Taser International is recommending that law enforcement agencies across the nation avoid shooting its stun guns at suspects' chests.
Although not related, the announcement comes on the heels of three deaths this year after suspects were shot with Tasers by Modesto police or Stanislaus sheriff's deputies.
In an Oct. 12 training bulletin, the Arizona-based company says shooting a suspect in the chest poses a risk, albeit extremely low, of an "adverse cardiac event."
Taser officials said the bulletin does not state that Tasers can cause cardiac arrest. They said the advisory means only that law enforcement may reduce its risk of excessive force claims and lawsuits if officers avoid the chest. Taser recommends officers aim at the lower torso when facing a suspect.
Taser officials say the new recommendation is designed only to "avoid any potential controversy on this topic."
"There is no significant shift," Taser spokesman Steve Tuttle said in an e-mail.
Despite the policy's disclaimers and qualifications, a civil rights group said it is a huge change.
"Up to this point, they've been adamant that the risk of cardiac death has been zero," said Peter Bibring, a staff attorney with the American Civil Liberties Union of Southern California. "This represents a significant shift. I think law enforcement agencies that use Tasers need to re-evaluate their use and ask whether Taser International has understated the risk in the training materials they've provided over the years."
Tasers resemble handguns and shoot darts that deliver 50,000 volts of electricity that disrupt a suspect's muscle control.
The Modesto-Stanislaus branch of the NAACP called last month for independent inquiries into the deaths of three downtown Modesto jail inmates who died this year after Tasers were used to subdue them.
The deaths occurred in April, August and September. Two of the incidents involved sheriff's deputies and one involved Modesto police.
A Stanislaus County district attorney's office investigation into the April death of inmate Craig Prescott said he was shot in the chest at least once with a Taser. He died two days after a struggle with deputies in which he was shot with Tasers and pepper spray. The district attorney concluded jail officials were not criminally responsible for Prescott's death.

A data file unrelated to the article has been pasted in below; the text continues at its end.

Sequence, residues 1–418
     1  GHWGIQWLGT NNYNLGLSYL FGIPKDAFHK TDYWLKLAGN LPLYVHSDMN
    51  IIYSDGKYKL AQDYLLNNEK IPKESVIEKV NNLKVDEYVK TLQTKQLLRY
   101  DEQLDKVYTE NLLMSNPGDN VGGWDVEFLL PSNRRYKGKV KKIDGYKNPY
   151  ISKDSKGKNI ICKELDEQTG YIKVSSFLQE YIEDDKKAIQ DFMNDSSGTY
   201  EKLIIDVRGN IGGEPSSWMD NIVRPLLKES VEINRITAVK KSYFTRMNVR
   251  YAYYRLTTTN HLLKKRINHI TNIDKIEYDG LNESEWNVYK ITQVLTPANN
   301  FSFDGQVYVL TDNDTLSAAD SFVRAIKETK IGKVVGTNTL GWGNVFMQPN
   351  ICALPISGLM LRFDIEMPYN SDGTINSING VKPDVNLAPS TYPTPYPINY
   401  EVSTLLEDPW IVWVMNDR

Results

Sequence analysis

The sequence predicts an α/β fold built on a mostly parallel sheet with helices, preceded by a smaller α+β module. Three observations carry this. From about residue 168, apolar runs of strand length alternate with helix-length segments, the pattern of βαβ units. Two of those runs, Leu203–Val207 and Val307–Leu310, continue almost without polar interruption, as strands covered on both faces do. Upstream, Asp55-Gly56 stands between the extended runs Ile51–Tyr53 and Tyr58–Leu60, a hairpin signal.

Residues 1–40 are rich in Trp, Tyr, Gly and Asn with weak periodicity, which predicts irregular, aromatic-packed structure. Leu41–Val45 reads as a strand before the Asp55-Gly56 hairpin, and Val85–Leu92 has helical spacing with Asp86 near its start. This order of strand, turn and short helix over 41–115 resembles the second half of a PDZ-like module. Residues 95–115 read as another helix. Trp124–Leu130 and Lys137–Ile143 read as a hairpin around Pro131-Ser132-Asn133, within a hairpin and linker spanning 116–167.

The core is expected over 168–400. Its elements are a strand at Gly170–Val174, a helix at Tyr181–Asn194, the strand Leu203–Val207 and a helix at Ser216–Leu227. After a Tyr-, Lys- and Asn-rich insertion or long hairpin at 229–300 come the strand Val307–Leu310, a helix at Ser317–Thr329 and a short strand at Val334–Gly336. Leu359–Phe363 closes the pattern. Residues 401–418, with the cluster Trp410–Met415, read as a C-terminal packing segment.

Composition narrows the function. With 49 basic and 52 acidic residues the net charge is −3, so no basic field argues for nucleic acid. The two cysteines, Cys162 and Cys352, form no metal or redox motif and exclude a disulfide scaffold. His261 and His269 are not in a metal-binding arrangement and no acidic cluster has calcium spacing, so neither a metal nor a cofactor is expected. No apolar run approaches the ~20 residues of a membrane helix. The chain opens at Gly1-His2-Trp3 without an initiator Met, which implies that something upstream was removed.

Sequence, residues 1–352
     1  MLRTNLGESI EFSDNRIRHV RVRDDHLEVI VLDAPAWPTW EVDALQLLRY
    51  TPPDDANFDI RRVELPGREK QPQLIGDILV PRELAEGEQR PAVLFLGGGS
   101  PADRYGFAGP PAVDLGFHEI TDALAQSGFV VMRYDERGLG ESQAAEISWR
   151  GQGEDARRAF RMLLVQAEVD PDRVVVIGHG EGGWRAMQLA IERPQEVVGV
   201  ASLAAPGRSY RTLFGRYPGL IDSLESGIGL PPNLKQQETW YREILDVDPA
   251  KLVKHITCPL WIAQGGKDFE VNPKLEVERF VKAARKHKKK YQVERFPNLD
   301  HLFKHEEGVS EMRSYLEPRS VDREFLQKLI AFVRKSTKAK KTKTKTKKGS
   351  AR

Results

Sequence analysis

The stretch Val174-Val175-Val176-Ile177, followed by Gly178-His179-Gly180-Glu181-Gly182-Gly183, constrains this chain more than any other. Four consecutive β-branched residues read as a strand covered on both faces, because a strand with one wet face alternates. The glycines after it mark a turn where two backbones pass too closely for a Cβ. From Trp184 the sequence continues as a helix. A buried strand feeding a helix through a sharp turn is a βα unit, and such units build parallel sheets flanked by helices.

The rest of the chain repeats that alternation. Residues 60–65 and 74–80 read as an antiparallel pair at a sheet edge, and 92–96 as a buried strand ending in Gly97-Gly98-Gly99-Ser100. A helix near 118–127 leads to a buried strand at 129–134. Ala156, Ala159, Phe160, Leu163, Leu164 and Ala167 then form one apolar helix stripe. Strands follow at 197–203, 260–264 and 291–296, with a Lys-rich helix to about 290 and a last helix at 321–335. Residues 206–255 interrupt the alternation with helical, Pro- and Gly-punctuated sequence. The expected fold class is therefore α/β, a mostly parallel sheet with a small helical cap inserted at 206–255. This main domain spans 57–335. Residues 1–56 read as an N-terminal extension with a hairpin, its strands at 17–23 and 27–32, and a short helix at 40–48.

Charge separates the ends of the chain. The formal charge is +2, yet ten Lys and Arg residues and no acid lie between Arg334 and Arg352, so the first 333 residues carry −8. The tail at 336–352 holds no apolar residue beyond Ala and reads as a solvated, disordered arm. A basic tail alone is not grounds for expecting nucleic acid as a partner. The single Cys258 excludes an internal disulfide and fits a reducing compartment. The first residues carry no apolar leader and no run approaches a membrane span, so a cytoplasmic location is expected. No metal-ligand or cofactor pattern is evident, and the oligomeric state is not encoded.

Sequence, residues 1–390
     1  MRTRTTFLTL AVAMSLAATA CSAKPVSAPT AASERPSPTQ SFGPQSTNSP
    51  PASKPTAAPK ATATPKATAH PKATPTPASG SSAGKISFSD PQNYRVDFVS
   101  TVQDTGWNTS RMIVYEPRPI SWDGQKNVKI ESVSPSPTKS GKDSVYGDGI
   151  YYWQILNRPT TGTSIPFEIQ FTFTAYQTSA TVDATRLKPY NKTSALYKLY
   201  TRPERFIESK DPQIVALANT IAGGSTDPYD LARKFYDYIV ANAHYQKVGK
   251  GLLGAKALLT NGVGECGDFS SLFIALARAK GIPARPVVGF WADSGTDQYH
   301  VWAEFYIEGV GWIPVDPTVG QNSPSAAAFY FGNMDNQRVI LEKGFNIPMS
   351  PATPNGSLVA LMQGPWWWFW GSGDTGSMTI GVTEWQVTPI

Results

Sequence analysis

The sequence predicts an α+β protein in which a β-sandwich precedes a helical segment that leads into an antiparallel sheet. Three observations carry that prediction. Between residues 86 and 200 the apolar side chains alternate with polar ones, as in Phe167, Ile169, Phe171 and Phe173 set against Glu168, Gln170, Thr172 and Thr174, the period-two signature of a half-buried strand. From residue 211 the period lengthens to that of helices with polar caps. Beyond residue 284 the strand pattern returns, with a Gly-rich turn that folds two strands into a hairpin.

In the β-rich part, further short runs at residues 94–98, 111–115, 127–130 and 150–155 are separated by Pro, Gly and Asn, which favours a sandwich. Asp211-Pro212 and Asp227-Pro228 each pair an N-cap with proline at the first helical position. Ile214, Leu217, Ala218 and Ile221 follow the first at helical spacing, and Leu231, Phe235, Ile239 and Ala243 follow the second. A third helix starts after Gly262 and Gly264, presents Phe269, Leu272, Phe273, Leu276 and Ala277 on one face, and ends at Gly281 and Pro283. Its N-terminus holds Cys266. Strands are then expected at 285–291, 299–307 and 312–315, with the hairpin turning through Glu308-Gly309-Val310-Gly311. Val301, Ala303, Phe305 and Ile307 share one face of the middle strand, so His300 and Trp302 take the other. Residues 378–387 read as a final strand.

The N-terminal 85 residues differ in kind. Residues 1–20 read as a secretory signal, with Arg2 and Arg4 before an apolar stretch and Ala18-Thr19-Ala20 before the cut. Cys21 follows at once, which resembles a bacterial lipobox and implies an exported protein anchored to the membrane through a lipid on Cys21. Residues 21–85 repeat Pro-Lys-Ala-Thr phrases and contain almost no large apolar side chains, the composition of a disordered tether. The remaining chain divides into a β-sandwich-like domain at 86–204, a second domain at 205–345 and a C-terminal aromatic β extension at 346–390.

A pathologist determined Prescott died of hypertensive heart disease, a finding his family disputes. Family members have said they plan to sue the Sheriff's Department.
Modesto police and the Sheriff's Department are reviewing Taser International's bulletin.
"We absolutely believe they are safe and reduce the number of injuries to officers and suspects," said Modesto police Capt. Gene Balentine. He said his department has used Tasers for a couple of years and has about 150 of them.
Sheriff's Capt. Tim Beck said patrol deputies have used Tasers about 310 times since his department acquired the weapon in June 2004.
He said that number includes incidents in which deputies pulled out Tasers to persuade a suspect to comply, incidents in which deputies shocked a suspect by placing a Taser directly against the individual's body and incidents in which deputies shot a suspect with a Taser.
"We are going to give this its due consideration from a policy perspective," Beck said, adding that the recommendation is in line with his department's policy to avoid firing a Taser at a suspect in a sensitive area, such as the head, face, neck and groin.
Numbers on how many times sheriff's deputies who work in the jails have used Tasers were not available Wednesday.
Taser said its recommendation that officers avoid the chest should be viewed as a "best practice" and to be done when possible.
The company said there can be legitimate circumstances in which officers shoot a suspect in the chest, such as during a violent struggle.
Tasers are viewed as a less lethal option than batons or firearms, but Amnesty International has called for stricter guidelines in their use, because more than 350 people have died in the United States after being shocked by Tasers since 2001.
The Associated Press contributed to this report.
Bee staff writer Kevin Valine can be reached at firstname.lastname@example.org or 578-2316.